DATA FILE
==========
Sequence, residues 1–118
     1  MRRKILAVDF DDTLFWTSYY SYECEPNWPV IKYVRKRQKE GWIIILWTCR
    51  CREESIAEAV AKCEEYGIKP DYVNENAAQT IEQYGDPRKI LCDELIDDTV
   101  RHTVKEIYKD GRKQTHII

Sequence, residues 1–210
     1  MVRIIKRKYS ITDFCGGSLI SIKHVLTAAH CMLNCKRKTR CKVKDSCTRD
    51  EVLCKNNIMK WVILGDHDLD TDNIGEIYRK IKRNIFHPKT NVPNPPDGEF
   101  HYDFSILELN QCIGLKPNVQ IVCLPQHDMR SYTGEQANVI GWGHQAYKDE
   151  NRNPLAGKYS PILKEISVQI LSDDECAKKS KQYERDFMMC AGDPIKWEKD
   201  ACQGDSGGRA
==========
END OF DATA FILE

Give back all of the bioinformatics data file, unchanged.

Sequence, residues 1–118
     1  MRRKILAVDF DDTLFWTSYY SYECEPNWPV IKYVRKRQKE GWIIILWTCR
    51  CREESIAEAV AKCEEYGIKP DYVNENAAQT IEQYGDPRKI LCDELIDDTV
   101  RHTVKEIYKD GRKQTHII

Sequence, residues 1–210
     1  MVRIIKRKYS ITDFCGGSLI SIKHVLTAAH CMLNCKRKTR CKVKDSCTRD
    51  EVLCKNNIMK WVILGDHDLD TDNIGEIYRK IKRNIFHPKT NVPNPPDGEF
   101  HYDFSILELN QCIGLKPNVQ IVCLPQHDMR SYTGEQANVI GWGHQAYKDE
   151  NRNPLAGKYS PILKEISVQI LSDDECAKKS KQYERDFMMC AGDPIKWEKD
   201  ACQGDSGGRA